The frontrunner in the race for the Ukip leadership, Paul Nuttall, admitted that the party has become "dysfunctional" as the four contenders to succeed Nigel Farage locked horns in their first broadcast debate.
Mr Nuttall warned that the eurosceptic party was "peering over the edge of a political cliff" and that he was the leader who could persuade it to "step back" rather than "step off".
All four contenders rejected former candidate Steven Woolfe's claim that the party is "ungovernable", but each acknowledged that changes were needed to bring an end to the factionalism seen in recent months.
Ex-deputy chair Suzanne Evans - who was suspended from the party earlier this year over remarks she made about Mr Farage - told LBC Radio: "Ungovernable? You just watch me. It's definitely not ungovernable."
Despite her previous rows with Mr Farage - and her criticism during the debate of his controversial Breaking Point poster as "insensitive and ill-judged" - Ms Evans said she would like the outgoing leader to act as "a kind of elder statesman figure to whom I can go and say `Nigel, what do you think of this?'"
Mr Nuttall insisted that his experience as Mr Farage's deputy leader made him the right person to unite the party, telling moderator Iain Dale: "We haven't covered ourselves in glory, not just over the past couple of months, but over the past year. Ukip has been dysfunctional.
"Ukip is peering over the edge of a political cliff and we will either step off or step back. I think I'm the person to make sure we don't step off that political cliff."
London Assembly member Peter Whittle said the party needed "a period of stability", adding: "My temperament is a stable one, I don't search for conflict."
And former parliamentary candidate John Rees-Evans said the party needed "major reform", with members allowed to decide policies for the manifesto.
Mr Rees-Evans said he was running for the leadership because people like Ms Evans, who wrote the 2015 Ukip manifesto, "think they know better than ordinary people".
And he accused her of trying to"trash the reputation" of Christian campaigner Alan Craig, whose selection as a Ukip candidate caused controversy over alleged homophobia following his comments about "gay rights stormtroopers".
Describing Ukip as a libertarian party, Mr Rees-Evans said it was "not acceptable" for Ms Evans to seek to bar a candidate for having "traditional views". But Ms Evans insisted that as leader: "I will not tolerate racism, I will not tolerate homophobia, I will not tolerate discrimination".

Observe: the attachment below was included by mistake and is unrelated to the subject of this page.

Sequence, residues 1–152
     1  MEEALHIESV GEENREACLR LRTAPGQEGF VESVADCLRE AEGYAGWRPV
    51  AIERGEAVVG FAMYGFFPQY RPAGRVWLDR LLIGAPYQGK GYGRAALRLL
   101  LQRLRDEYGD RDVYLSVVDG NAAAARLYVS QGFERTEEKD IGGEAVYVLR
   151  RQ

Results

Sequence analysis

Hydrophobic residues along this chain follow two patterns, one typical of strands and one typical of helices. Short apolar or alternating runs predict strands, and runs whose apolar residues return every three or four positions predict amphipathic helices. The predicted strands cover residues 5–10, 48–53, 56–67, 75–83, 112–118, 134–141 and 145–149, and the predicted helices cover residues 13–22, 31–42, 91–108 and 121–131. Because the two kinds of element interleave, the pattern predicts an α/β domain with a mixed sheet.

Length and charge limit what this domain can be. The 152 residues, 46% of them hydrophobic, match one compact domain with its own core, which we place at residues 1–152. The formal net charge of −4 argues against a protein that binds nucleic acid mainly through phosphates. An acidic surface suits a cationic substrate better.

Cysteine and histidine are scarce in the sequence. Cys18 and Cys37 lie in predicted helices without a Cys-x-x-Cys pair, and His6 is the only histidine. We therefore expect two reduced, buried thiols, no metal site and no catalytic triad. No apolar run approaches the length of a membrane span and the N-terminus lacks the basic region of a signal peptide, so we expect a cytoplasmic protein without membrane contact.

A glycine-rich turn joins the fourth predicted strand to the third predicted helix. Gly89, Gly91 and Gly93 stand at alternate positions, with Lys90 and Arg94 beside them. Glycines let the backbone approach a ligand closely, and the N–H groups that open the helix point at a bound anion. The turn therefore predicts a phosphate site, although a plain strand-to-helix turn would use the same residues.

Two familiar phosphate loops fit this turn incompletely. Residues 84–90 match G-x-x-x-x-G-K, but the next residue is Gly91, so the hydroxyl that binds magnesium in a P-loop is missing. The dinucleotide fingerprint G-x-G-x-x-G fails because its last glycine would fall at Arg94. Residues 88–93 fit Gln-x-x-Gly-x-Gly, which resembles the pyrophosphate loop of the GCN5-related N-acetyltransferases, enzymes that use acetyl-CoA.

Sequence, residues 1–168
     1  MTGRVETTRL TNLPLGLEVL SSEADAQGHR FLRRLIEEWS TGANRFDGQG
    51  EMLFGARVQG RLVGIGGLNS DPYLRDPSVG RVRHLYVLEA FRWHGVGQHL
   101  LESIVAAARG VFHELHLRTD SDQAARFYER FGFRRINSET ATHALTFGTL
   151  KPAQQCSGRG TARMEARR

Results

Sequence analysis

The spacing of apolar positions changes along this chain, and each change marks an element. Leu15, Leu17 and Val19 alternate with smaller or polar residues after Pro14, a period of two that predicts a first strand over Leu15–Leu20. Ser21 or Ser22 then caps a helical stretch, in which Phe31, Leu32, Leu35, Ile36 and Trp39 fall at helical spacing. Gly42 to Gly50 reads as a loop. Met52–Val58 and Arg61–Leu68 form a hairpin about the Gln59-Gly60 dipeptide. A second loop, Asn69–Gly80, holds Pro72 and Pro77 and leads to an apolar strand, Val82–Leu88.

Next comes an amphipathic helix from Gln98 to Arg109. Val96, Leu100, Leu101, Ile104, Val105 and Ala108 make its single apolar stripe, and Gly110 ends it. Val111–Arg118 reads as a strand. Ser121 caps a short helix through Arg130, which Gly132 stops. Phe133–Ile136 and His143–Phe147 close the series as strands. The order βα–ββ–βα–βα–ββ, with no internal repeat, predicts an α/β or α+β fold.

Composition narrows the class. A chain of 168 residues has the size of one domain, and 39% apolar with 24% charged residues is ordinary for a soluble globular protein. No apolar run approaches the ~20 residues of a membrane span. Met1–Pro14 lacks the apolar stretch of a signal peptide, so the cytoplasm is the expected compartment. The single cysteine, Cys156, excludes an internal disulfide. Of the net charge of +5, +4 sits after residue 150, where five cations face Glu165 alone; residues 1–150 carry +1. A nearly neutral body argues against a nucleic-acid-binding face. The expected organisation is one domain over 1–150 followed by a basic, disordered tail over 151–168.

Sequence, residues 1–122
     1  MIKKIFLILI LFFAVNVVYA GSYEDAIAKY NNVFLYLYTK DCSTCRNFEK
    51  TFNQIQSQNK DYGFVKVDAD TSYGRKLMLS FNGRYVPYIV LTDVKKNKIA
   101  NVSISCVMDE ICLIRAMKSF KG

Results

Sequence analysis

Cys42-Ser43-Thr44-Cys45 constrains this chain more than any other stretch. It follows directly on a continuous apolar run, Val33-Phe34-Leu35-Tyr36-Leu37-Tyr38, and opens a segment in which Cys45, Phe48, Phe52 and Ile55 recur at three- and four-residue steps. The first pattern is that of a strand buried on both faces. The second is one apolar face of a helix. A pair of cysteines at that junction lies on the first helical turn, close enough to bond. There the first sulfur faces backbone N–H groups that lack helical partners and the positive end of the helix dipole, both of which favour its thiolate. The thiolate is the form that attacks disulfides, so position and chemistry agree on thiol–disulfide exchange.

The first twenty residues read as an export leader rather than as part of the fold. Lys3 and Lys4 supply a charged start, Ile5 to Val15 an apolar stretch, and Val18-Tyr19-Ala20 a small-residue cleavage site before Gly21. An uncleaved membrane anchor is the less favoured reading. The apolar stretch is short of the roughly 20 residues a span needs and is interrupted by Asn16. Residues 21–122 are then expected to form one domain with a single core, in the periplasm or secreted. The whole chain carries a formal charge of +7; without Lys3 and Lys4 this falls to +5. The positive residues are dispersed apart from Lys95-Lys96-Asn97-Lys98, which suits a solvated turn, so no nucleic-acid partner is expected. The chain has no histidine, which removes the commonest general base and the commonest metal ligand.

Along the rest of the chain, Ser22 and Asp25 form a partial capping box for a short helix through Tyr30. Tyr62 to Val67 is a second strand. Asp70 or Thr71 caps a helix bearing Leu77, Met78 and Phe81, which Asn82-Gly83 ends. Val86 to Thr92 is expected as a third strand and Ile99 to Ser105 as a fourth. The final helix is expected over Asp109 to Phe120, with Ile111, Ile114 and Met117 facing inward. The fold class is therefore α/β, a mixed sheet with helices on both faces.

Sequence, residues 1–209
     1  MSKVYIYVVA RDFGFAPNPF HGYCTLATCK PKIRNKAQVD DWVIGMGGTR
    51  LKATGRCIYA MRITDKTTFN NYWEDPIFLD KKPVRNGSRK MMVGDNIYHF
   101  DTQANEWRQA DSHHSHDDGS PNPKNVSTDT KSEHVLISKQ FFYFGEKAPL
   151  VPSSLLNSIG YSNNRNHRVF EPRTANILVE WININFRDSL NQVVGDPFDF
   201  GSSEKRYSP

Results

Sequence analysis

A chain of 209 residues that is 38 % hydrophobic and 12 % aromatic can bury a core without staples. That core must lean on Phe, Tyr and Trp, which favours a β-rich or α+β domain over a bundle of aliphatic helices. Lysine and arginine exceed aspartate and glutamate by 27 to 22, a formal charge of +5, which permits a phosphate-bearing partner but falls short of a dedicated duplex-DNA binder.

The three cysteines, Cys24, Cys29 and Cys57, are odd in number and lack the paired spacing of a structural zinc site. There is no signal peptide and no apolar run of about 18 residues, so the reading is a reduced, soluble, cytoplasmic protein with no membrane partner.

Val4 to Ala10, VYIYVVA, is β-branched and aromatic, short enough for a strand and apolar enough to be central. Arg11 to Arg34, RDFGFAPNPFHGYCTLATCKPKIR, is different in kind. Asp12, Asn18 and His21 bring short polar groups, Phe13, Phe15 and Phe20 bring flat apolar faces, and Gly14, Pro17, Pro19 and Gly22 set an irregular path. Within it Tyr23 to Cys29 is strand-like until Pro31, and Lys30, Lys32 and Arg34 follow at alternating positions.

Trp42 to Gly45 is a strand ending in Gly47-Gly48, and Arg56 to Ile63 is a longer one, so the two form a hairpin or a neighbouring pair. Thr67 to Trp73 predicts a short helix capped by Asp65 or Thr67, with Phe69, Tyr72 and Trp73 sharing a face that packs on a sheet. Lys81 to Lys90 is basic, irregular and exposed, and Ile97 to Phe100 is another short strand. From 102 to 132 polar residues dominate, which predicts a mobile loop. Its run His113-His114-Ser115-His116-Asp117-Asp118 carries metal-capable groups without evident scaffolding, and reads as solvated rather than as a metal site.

While Ms Evans said she was "vehemently opposed" to the death penalty, and Mr Whittle said he did not support it, Mr Nuttall said he backed its reintroduction for child killers and Mr Rees-Evans said he would bring it back for paedophiles and child murderers.
Challenged over whether all paedophiles should be executed, Mr Rees-Evans said "Yes", before adding that he would not necessarily impose the death penalty in cases involving "someone who looked 18 and was 15 and a half".
"It obviously depends what you define as a paedophile," he said. "I would have the death penalty for somebody who is (targeting) pre-pubescent (children)."
The candidates were confronted by a Spanish national named Maria who had been a long-term resident of the UK but had faced verbal abuse since the referendum vote.
Mr Nuttall told her: "I'm very sorry if you were verbally abused, no-one should have to go through that, but the bottom line is this - I don't feel responsible because Brexit is great."
Mr Whittle said that "a huge amount" of the hate crime reported following the June 23 referendum was related to anger about terrorism, but Maria responded that her abusers had mentioned the Europe issue, telling the Ukip politicians: "You created a war." Mr Whittle responded: "This is ridiculous. We didn't create a war."
Mr Rees-Evans accused Mr Nuttall and Ms Evans of seeking to "shunt Nigel (Farage) off into the political graveyard that is the House of Lords" to keep him out of the Ukip frontline.
But Mr Nuttall insisted: "I think it would be fitting that Nigel becomes the honorary president of the party and - if he wants it - a peerage should be on the cards."
Ms Evans refused to say who she wanted to win the US presidential election and Mr Nuttall said he would vote for Libertarian candidate Gary Johnson. Mr Rees-Evans said he was concerned about revelations about both candidates, but would say in Donald Trump's favour that he was "not in anyone's pocket".
Mr Whittle said: "Hillary (Clinton) is a deeply unsavoury character, like Putin. With Trump, my feeling is `Right cause, wrong man'."